We stood face to face with the Hun himself at last, our furthest left still held the Gepids at bay, and we turned towards the centre. We had suffered losses, but they were nothing to what was to come. The Alans had been pushed back, but had held, and Attilas centre flank was exposed. Looking up to the rise opposite we could see heavy cavalry charging down into the enemy lines, if we could push hard enough the enemy would be cut off and surrounded. Even having seen them at a distance throughout the day I was not truly ready for the fight ahead.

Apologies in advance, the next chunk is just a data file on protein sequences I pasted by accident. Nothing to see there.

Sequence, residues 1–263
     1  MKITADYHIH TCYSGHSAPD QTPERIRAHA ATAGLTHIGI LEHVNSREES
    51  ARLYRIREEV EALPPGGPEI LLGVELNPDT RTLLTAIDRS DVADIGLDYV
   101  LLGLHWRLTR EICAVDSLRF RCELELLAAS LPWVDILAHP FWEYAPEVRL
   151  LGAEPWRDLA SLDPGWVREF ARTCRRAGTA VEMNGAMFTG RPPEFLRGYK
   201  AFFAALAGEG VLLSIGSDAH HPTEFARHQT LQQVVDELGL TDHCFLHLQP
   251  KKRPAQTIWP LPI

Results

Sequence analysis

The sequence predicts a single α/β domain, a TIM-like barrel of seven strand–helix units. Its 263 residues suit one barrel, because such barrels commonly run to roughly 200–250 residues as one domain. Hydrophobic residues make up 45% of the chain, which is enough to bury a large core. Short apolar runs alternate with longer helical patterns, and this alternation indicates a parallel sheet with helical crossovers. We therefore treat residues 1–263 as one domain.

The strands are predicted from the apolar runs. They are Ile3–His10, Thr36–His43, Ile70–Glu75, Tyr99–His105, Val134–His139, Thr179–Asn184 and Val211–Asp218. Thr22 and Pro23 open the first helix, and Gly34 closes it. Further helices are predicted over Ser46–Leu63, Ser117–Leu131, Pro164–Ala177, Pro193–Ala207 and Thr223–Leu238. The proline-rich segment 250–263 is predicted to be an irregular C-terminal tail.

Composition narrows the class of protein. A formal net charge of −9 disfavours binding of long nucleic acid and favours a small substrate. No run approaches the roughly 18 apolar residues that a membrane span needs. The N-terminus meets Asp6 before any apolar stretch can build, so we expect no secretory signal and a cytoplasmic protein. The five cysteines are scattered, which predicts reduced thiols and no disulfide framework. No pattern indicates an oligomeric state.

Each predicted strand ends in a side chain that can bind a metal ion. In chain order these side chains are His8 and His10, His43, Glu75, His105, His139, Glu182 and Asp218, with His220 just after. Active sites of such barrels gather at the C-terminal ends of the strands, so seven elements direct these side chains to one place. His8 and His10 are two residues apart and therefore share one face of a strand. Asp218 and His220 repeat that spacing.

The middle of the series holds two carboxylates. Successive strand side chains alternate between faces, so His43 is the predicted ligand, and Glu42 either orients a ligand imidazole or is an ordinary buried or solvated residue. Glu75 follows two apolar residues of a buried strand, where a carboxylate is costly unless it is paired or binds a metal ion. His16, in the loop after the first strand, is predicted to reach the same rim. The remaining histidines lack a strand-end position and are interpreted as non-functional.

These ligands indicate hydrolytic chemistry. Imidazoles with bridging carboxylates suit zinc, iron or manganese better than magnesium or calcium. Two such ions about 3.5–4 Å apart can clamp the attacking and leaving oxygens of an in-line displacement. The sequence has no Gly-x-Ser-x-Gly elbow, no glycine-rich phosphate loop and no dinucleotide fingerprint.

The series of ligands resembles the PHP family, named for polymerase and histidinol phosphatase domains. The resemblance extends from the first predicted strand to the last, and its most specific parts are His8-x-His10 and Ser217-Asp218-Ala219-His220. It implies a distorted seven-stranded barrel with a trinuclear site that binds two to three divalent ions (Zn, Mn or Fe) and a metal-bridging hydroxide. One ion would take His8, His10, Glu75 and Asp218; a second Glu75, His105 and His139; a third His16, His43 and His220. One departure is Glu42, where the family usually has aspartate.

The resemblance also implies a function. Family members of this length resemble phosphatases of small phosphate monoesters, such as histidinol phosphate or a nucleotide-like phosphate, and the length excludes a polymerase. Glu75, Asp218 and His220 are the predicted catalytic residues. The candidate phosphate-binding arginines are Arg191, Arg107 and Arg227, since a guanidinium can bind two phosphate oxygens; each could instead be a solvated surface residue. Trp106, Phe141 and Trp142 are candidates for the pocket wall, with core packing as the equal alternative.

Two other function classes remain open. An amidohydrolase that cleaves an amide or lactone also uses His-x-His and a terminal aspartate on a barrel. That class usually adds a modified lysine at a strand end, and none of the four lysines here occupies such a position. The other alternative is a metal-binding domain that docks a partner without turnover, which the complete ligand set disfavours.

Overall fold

The huns were short and quick, like picts if those craven savages had been as a man with a horses lower body and the courage of a lion. They held their heads high, and their eyes gleamed cruelly as their arrows fell. They shifted so quickly, flowing from a forward charge into a sideways clash with us. Several different groups suddenly fought us as one, half firing from above, and most of us raised our shields. As soon as we did, a fresh storm of arrows fell on us from almost straight in front. Tibellus died then, and I took an arrow in my leg. It still hurts in this wet weather. When we tried to advance to engage them, they danced back. The arrows kept falling, it was truly like an autumn storm, a relentless hammering on our shields. All around me men died. My friends and I had much practice covering one another with our shields, and we took only minor injuries. I remember thinking, again and again, that this must be it. This must be their last arrows, we could not survive another hailstorm. But we did, another, and another. Then suddenly it stopped, and the ground jumped. I almost lost my footing when they came on. They threw nets, one fell on Cadwallon, and I had a devil of a time getting it off him while trying to avoid being speared by one of those bastards. They had ropes in hoops as well, they threw them and pulled men out of our formation, stabbing them to death as they screamed and kicked. Ah… I. So many men lost.